Take a slug of ‘joe’ and try to keep up: Takk MCR, in the Northern Quarter, is an Icelandic-inspired coffee shop serving up Nordic-style espresso from Bristol, single-origin coffee from the Barn in Berlin and recyclable sacks of heirloom beans from Ethiopia and Colombia. In short, this achingly hip melting pot bubbles away with a damn fine brew.

If you like your leaves a little looser, North Tea Power serves an aromatic array of blends in a friendly communal setting. Exposed girders and hefty timber furnishings give it a rugged edge, and they approach a grilled cheese like they would a steak, frying it in brown butter till the sourdough’s crispy. Just in case you didn’t catch that: grilled cheese, fried like a steak.

The locals love

Ginger’s Comfort Emporium, a roving ice-cream truck for adults. Menus are seasonal, but sweet sophistication is evergreen. Highlights include Chorlton Crack (salted caramel and peanut butter) and the French Elvis ice-cream sandwich, an ice-cold take on peanut butter and jelly. Here, Heart & Graft coffee beans are served affogato-style or infused into a creamy scoop. Recommended by Tony from Afflecks.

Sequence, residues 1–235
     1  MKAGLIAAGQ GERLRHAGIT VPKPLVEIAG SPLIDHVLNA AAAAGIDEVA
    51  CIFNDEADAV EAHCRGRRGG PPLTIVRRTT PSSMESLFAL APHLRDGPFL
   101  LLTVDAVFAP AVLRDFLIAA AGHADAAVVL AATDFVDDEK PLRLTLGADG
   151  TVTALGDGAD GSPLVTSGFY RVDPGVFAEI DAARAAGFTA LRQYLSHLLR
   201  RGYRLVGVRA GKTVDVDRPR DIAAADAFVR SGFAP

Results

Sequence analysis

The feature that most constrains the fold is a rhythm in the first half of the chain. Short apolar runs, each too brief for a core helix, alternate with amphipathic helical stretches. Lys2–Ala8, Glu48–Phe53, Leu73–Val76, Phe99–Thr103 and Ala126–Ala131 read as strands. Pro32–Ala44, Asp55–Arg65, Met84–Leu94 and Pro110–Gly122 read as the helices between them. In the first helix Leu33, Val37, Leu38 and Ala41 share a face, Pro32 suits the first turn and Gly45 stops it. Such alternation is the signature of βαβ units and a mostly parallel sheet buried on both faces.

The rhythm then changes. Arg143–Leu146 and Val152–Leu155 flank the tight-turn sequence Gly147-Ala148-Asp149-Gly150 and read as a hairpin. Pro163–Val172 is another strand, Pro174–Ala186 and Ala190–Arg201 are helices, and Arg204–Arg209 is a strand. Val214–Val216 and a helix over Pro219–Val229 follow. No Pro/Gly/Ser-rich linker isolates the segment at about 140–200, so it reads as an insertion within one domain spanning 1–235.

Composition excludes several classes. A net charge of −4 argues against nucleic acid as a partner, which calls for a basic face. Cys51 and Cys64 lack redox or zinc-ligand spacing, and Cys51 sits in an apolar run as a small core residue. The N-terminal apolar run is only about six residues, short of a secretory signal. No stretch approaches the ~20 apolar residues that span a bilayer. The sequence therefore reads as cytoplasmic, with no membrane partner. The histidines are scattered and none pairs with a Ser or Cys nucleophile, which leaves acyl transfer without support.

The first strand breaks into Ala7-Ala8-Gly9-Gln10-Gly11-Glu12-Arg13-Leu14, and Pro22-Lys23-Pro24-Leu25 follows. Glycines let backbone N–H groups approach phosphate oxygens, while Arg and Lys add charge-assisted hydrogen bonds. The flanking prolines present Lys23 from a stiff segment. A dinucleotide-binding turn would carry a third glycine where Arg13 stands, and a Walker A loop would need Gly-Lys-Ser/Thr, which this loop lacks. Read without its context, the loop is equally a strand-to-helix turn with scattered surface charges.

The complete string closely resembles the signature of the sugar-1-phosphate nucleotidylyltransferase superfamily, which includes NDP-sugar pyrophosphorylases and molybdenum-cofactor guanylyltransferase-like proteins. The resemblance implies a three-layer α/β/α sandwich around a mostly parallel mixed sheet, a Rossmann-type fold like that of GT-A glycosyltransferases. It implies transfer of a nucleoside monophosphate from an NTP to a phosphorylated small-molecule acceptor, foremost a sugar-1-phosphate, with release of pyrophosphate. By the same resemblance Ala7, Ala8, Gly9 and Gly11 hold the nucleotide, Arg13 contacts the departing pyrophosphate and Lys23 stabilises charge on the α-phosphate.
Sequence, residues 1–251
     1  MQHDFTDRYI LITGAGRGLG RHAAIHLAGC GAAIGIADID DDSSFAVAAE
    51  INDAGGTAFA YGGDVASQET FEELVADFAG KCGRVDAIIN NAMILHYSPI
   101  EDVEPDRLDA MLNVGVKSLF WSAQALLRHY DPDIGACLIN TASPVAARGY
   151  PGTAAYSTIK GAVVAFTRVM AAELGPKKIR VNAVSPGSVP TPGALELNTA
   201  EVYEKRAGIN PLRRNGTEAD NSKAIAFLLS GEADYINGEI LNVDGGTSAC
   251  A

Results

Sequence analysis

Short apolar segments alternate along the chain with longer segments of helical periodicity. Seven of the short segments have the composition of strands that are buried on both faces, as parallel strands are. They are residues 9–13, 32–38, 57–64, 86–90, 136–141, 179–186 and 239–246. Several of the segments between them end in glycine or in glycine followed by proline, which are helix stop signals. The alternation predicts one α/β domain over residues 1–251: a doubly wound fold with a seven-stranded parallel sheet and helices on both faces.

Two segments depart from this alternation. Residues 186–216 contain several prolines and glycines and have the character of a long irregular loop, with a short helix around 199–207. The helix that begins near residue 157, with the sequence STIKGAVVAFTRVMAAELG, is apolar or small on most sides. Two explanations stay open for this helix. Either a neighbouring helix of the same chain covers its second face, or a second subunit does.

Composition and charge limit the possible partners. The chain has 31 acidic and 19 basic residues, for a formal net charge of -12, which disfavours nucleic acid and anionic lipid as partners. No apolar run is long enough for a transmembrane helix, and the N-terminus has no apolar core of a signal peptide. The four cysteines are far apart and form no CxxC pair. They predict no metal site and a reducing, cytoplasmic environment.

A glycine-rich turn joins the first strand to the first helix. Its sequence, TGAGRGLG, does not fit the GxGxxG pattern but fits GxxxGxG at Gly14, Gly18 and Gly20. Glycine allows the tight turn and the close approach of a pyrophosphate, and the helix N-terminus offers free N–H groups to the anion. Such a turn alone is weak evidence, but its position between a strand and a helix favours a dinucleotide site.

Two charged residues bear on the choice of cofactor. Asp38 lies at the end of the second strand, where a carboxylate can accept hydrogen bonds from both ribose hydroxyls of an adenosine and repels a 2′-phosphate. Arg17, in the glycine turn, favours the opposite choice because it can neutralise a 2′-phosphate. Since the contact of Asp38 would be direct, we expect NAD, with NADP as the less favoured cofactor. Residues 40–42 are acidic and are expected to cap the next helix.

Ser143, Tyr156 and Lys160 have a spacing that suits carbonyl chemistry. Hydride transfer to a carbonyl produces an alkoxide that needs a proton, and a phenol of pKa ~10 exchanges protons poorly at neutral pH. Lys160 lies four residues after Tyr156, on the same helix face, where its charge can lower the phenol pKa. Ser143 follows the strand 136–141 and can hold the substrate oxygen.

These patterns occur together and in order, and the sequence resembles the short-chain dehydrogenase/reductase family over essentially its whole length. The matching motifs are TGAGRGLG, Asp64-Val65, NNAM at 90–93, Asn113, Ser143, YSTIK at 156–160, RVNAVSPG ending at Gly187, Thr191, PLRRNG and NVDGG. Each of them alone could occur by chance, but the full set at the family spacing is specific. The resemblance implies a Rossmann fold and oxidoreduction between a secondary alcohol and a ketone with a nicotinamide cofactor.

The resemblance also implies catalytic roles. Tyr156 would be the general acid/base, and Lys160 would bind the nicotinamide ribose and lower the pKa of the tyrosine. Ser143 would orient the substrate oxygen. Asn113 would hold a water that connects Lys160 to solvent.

You enter Australasia via a sci-fi-esque glass prism and descend into a cream-hued space with bleached brick walls and bare-limbed trees. Its artfully plated fare hails from Australia and the Pacific Rim. For more interior flora, head to Tattu, where beef-and-foie-gras gyoza and lobster prawn toasts are served under a flowering cherry blossom.

Mr Cooper’s House & Garden at the Midland Hotel also has, um, another interior tree (what’s going on, Manchester?). For chandeliers, an art deco-style dining room and tasting menus with avant garde flavours (oxalis, sweet cicely and sea asters abound), The French awaits. No trees though, we’re afraid.

The locals love

Once upon a time, Chish & Fips was the fancy sushi restaurant Umezushi, but these days it’s a far simpler affair: boxes of fried seafood, with Japanese and Taiwanese touches, changing up the British classic. Recommended by Beki at Kosmonaut.